What I Learned from Jumping off a Cliff.

Via Michelle Marchildon
on Feb 18, 2012
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Go Ahead, Let Go and Jump
Go Ahead, Let Go and Jump

For five years I have worked toward my certification in Anusara Yoga. Then just like that, all my hopes and dreams were gone.

The teachers who already have their certification can keep that forever, even if they don’t stay with what is left of the yoga school, as a symbol of what they earned. But I was almost there, not quite, ABC (All But Certification), 750 hours up to my keister in effort. If you multiply that by an average of $30 per hour, plus travel costs, I spent more than $25,000.  For that I was Anusara-Inspired, and now that’s Expired. God I hope my husband doesn’t read this blog.

So when it came time to take a stand amidst the divisiveness that will end Anusara as we know it, I ran right up to the cliff, then balanced on my tippy toes. At my back were so many people and a system that I loved. In front of me, was a whole lot of uncertainty.

This wasn’t my first time at the edge of a cliff. Years ago when my boys were just eight and ten, we found ourselves at the edge of a cliff while skiing. At our backs was a long hike up to the trail. In front of us was about a 15 foot drop over a rocky wall. As I was leaning over to unfasten my skis (because any rational person would have hiked backed up) one boy jumped. Then went the other. I did not have a lot of time to think; I was angry and terrified my boys were going to kill themselves. So off a cliff I went.

 “Holy cow,” one boy said. “Mom went for it.”

Any rational person would wait and see what happens to Anusara Inc. But sometimes, being rational is not what is required. When you are at the edge of a cliff, what you might need is courage and trust. This is the ultimate test of yoga. Will your belief in a greater good, a Divine good, a Universal good carry you through? Will God, or the Tooth Fairy, or whatever you believe in, be there for you? Will “You” be there for you?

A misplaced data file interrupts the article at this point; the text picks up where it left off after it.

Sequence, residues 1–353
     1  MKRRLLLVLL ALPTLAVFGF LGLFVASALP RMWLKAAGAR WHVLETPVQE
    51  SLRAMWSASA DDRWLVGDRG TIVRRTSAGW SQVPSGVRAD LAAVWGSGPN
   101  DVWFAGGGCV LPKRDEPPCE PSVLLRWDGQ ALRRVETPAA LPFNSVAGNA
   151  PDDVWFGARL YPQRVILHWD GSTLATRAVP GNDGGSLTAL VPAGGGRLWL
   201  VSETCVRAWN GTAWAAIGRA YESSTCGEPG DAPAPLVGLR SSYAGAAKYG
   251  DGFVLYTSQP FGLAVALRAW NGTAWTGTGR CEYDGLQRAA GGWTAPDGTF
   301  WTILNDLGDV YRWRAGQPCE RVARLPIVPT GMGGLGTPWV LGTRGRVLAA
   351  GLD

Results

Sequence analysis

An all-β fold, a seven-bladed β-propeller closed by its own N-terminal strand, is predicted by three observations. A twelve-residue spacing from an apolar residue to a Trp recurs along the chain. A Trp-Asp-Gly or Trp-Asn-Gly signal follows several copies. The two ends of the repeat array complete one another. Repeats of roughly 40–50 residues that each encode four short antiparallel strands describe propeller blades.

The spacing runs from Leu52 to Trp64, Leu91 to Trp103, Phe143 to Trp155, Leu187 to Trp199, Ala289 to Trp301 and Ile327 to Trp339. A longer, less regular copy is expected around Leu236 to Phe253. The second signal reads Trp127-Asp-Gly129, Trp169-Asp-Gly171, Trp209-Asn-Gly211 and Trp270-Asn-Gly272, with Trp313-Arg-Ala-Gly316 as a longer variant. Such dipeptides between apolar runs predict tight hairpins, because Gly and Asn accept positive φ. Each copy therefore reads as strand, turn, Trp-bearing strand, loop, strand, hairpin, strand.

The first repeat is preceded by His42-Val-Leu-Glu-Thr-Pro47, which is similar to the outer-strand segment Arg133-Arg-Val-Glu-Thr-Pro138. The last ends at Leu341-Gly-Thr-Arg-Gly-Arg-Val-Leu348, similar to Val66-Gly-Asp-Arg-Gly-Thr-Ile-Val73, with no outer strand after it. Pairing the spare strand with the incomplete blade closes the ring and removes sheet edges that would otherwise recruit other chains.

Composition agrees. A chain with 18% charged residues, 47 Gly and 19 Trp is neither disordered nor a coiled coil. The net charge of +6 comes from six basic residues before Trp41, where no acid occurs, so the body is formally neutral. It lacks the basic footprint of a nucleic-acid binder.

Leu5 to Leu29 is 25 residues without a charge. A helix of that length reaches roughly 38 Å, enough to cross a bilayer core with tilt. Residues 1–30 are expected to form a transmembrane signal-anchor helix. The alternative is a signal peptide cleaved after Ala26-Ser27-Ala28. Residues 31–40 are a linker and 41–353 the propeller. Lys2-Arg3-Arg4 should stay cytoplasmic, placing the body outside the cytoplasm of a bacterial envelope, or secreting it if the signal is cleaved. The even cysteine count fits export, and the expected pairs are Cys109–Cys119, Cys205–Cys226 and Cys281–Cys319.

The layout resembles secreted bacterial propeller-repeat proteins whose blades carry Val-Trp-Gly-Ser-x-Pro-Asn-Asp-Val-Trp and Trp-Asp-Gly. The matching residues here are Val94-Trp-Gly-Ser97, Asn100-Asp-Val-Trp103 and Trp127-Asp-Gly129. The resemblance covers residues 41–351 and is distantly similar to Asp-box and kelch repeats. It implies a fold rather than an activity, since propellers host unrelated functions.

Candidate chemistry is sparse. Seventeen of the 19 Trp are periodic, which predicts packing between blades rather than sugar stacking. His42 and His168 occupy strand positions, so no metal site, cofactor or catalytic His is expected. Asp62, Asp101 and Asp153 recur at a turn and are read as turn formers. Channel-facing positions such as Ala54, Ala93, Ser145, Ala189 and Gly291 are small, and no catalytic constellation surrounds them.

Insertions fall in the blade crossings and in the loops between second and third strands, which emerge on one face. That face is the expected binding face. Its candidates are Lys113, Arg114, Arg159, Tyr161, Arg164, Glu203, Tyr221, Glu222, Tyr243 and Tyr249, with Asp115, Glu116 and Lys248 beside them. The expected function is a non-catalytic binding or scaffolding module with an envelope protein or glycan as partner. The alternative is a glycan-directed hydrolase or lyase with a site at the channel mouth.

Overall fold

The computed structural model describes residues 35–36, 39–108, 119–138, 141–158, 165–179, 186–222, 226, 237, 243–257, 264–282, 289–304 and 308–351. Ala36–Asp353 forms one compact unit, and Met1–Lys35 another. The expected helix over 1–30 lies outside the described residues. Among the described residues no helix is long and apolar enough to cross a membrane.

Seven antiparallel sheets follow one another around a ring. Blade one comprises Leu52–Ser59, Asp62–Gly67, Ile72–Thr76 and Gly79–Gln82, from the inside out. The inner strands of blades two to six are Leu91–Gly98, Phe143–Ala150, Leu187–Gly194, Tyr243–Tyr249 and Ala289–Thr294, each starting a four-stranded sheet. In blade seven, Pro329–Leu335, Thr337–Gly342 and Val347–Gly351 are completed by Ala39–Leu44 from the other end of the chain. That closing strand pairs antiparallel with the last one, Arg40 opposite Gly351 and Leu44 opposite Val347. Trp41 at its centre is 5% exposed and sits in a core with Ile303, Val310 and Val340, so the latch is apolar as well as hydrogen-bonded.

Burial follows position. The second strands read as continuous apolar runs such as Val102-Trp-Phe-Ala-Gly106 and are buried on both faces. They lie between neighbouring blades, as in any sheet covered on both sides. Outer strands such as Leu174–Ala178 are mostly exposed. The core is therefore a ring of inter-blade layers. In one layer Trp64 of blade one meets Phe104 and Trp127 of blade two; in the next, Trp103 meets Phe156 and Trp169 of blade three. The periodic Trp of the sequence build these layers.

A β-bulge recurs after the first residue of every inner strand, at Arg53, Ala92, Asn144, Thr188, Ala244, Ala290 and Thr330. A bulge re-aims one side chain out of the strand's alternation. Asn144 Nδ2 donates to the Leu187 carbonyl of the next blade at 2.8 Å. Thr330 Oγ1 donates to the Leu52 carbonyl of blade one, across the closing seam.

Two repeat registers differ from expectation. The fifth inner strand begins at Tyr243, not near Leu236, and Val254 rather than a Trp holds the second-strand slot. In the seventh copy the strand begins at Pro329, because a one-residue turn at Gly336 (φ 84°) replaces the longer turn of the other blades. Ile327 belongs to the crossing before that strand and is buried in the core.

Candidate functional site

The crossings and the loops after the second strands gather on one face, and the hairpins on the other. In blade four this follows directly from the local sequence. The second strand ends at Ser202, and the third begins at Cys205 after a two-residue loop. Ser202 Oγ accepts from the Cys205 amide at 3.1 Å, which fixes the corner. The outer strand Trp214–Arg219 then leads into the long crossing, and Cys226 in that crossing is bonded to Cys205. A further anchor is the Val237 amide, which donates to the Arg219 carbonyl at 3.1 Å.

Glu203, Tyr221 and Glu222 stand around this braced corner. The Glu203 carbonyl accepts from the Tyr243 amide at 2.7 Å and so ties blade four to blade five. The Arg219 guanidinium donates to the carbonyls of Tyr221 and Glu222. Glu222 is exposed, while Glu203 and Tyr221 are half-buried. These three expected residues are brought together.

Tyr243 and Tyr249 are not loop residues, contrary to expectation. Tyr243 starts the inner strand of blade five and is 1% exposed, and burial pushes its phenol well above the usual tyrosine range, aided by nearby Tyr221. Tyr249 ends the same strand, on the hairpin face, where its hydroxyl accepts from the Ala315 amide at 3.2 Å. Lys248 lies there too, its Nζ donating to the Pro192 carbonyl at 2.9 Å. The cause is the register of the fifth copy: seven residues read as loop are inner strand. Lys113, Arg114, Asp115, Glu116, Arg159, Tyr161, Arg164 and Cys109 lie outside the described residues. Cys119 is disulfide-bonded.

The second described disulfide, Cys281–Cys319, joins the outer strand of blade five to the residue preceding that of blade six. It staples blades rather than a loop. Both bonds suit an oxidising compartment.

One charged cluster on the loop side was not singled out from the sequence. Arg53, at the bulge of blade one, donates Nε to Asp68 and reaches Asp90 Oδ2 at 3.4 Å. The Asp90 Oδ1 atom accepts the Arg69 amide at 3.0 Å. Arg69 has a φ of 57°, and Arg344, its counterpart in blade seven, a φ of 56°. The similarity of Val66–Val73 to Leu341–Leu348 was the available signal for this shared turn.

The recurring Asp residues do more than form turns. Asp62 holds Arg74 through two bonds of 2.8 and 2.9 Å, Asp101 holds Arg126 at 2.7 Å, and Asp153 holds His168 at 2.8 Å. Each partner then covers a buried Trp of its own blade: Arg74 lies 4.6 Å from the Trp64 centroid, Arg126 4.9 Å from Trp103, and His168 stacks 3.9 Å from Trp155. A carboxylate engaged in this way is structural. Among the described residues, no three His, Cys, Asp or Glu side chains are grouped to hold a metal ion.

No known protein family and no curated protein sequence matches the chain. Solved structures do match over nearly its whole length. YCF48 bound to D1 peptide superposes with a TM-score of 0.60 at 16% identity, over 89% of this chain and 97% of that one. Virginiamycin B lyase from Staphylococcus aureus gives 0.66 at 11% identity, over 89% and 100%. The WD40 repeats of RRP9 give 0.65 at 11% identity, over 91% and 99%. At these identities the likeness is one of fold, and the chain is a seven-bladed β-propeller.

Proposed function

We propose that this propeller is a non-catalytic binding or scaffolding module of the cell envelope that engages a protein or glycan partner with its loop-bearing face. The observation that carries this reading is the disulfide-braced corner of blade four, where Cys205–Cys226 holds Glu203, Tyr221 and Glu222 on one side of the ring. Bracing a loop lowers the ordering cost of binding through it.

What makes the jump easier is knowing exactly who you are, and what you stand for. When my boys jumped, just like any mother I had to go after them. There was no question. In this case, it was really the same. When I looked at the facts, and I do mean the undisputed facts in the matter when you clear away the “kulaid” and the craziness, Anusara, INC. no longer made sense to me.

So Mom went for it.  Just like any cliff we encounter, it wasn’t as far down as I thought. And when I landed after the jump, I felt proud and very alive.

What I learned from jumping off a cliff is that I was already closer to the bottom than I realized, and jumping off was the only way for me to get back to the top.


About Michelle Marchildon

Michelle Berman Marchildon is the Yogi Muse. She’s an award-winning journalist, and the author of Finding More on the Mat: How I Grew Better, Wiser and Stronger through Yoga. Her second book, Theme Weaver: Connect the Power of Inspiration to Teaching Yoga, is for yoga teachers who want to inspire their students. Michelle is a columnist for elephant journal and Origin Magazine and a contributor to Teachasana, My Yoga Online and Yoga Journal. She is an E-RYT 500 with Yoga Alliance and teaches in Denver, Co where she is busy raising two boys, two dogs and one husband. You can follow her on Facebook at Michelle Marchildon, The Yogi Muse. You can find her blog and website at www.YogiMuse.com. And you can take her classes on www.yogadownload.com.


4 Responses to “What I Learned from Jumping off a Cliff.”

  1. longtimeyogi says:

    love the kulaid

  2. Nicely done Michelle. And I can totally relate to jumping off the cliff, having done that a bit on my snowboard. Funny to think of this situation parallel to that… There are many mountains, many paths to play upon.

  3. TaraFirma says:

    None of your efforts or your learning will ever go away Michelle! You can take all the positive aspect of this experience forward, leaving what no longer serves you behind. And I'm right there with Katrina, on my snowboard and the cliff…very liberating experience!

  4. G.C.Aloha says:

    Nice piece. I agree that sometimes jumping into the unknown is the only way to grow in your life and to align with your own integrity. For what it's worth, Noah Maze has stated that as he and Darren and Christina put together their School of Yoga, they are looking for a way to enable people who've been pursuing their Anusara certification to finish their now-non-Anusara certification with them. But you probably know that already. In any case, I'm sure your training and experience will see you through just fine. Anusara Inc would have us believe that the only way to become a yoga teacher of repute is to have the Anusara license and seal of approval, but there's a whole world of yoga out there waiting for us.